A. While the Policy Review is underway, all policies already in place remain in full force and will be honored. From time to time in the course of the agency’s operations, policy issues may arise that require immediate attention outside the course of the formal Policy Review. We will continue to give these issues immediate attention as the need arises.


Q: What prompted the Policy Review?


A. USCIS is committed to ensuring that our policies are consistent and up to date. To that end, the agency has launched the USCIS Policy Review to examine our policies with input from the public it serves and from its workforce.


Q. Has USCIS previously undertaken a comprehensive review of its policies?


A: No. The effort to undertake a top-to-bottom review of our adjudication and customer service policies is an unprecedented initiative for USCIS.


Q. How will USCIS seek the public’s input during the Policy Review?


A. In keeping with our commitments to customer service and transparency, USCIS will engage practitioners, advocates, businesses, applicants, and other interested stakeholders throughout the course of the Policy Review. The survey was the first opportunity for stakeholders to participate. As we review policies in specific issue areas, we will offer a number of further opportunities for the public to offer input. For example, in some issue areas, we will conduct public meetings to solicit stakeholders’ views on specific policy matters. In many cases, we will also published drafts of new or revised policy memoranda on our website for public comment, now a regular step in USCIS’s policy development process.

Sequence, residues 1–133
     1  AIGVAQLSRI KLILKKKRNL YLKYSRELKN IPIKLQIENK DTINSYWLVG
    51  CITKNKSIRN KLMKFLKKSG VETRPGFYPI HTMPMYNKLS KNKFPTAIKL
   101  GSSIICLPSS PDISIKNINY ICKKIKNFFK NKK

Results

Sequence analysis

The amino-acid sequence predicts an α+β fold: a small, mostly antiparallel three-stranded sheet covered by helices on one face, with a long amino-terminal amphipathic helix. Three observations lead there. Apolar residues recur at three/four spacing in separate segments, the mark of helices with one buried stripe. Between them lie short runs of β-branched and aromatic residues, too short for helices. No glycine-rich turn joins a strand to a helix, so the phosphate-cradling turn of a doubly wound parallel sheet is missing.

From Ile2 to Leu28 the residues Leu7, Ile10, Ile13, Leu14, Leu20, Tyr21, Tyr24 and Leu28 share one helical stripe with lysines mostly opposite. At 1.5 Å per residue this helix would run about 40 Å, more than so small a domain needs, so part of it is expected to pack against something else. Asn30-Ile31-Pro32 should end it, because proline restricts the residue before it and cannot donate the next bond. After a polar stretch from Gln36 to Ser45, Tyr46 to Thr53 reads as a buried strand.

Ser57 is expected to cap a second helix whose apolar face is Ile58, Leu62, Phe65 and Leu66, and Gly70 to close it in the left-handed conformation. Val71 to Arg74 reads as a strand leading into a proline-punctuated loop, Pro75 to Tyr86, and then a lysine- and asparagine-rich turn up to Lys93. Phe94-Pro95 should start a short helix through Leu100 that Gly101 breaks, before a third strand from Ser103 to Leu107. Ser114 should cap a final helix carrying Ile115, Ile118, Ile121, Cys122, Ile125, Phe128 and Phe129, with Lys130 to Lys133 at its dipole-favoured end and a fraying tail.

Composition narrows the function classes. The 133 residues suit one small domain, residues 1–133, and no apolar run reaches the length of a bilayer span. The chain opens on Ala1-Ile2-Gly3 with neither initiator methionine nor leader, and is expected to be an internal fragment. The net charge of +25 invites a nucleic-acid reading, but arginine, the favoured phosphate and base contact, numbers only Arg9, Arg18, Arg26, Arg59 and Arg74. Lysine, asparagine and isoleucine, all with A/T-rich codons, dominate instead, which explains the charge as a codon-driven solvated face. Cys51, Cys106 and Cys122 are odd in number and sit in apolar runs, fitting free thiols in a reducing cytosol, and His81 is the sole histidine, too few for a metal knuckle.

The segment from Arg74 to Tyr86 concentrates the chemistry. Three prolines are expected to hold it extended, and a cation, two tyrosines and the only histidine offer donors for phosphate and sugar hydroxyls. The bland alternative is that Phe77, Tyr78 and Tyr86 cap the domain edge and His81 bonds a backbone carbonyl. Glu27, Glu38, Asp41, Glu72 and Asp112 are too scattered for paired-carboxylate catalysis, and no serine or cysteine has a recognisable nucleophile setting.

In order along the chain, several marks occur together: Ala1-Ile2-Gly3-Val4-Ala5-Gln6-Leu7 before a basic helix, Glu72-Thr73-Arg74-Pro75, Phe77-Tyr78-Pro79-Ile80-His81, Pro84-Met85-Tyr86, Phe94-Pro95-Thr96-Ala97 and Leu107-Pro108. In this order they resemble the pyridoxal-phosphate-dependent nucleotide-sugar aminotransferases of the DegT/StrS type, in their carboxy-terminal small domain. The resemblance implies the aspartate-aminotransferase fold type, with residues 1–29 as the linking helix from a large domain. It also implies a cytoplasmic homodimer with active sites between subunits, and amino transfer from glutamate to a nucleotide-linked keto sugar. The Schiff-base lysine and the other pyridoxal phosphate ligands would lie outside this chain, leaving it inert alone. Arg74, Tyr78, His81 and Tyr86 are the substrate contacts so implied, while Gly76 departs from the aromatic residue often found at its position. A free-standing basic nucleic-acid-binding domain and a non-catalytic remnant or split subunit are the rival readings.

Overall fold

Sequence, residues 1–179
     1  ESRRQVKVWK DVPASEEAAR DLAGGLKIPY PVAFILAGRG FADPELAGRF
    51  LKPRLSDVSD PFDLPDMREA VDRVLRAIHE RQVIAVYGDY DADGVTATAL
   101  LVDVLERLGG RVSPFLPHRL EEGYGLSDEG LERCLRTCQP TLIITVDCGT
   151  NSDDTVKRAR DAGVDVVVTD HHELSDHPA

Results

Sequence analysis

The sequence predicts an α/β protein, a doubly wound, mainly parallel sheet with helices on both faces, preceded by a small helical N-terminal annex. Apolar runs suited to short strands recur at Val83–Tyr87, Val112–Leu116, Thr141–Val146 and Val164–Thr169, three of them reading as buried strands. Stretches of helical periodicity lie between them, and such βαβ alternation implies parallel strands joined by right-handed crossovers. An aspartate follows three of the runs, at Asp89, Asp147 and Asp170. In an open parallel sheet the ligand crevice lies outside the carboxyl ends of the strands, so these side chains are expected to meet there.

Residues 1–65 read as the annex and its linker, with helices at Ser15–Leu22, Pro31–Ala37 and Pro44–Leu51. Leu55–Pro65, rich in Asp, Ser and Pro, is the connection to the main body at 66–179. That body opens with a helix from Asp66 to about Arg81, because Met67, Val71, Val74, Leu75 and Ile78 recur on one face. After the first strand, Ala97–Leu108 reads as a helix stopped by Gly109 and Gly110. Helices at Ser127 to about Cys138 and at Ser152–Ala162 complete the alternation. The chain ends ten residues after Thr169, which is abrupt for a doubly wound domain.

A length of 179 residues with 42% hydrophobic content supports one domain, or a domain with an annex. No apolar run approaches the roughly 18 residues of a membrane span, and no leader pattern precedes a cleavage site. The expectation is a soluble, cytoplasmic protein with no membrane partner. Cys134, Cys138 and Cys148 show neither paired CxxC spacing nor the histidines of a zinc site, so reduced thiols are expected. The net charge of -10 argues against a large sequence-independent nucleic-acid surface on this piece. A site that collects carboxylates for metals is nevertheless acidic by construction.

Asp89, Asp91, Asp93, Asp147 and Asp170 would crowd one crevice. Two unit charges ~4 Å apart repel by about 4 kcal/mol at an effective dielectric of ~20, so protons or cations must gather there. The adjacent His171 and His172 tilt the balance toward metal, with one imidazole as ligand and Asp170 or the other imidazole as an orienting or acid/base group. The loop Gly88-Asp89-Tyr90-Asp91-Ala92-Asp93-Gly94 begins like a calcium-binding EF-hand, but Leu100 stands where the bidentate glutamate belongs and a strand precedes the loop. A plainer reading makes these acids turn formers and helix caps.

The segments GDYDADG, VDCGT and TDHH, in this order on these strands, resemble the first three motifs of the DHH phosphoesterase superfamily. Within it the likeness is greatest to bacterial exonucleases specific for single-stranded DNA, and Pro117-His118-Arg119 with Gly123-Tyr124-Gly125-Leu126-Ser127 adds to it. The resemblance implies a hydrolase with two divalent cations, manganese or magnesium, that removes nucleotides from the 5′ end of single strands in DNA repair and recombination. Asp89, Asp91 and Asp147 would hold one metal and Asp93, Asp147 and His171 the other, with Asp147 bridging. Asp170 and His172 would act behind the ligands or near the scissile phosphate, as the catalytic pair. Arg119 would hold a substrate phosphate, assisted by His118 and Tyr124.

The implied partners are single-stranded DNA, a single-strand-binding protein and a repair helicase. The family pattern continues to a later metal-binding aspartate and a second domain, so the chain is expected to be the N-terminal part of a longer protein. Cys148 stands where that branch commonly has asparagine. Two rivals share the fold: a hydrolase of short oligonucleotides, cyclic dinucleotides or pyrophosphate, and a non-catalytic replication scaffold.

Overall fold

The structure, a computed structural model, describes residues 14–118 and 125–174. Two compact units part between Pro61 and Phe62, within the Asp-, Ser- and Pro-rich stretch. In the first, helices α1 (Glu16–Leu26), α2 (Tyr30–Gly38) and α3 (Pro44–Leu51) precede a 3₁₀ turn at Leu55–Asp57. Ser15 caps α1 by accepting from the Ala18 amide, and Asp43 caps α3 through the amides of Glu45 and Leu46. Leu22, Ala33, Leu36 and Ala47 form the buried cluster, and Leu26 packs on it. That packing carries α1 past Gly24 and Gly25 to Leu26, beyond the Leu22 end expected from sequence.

Q. What did the survey ask?


A. The survey asked any interested member of the public, as well as the USCIS workforce, to help identify the issue areas that the agency should examine first. The survey also included comment sections.


Q. How many people responded to the survey?


A. Nearly 5,600 external stakeholders responded to the survey, representing current immigrant and nonimmigrant visa holders, employers, immigration attorneys and advocates, among others. Nearly 2,400 members of the workforce from USCIS offices worldwide also participated in the survey.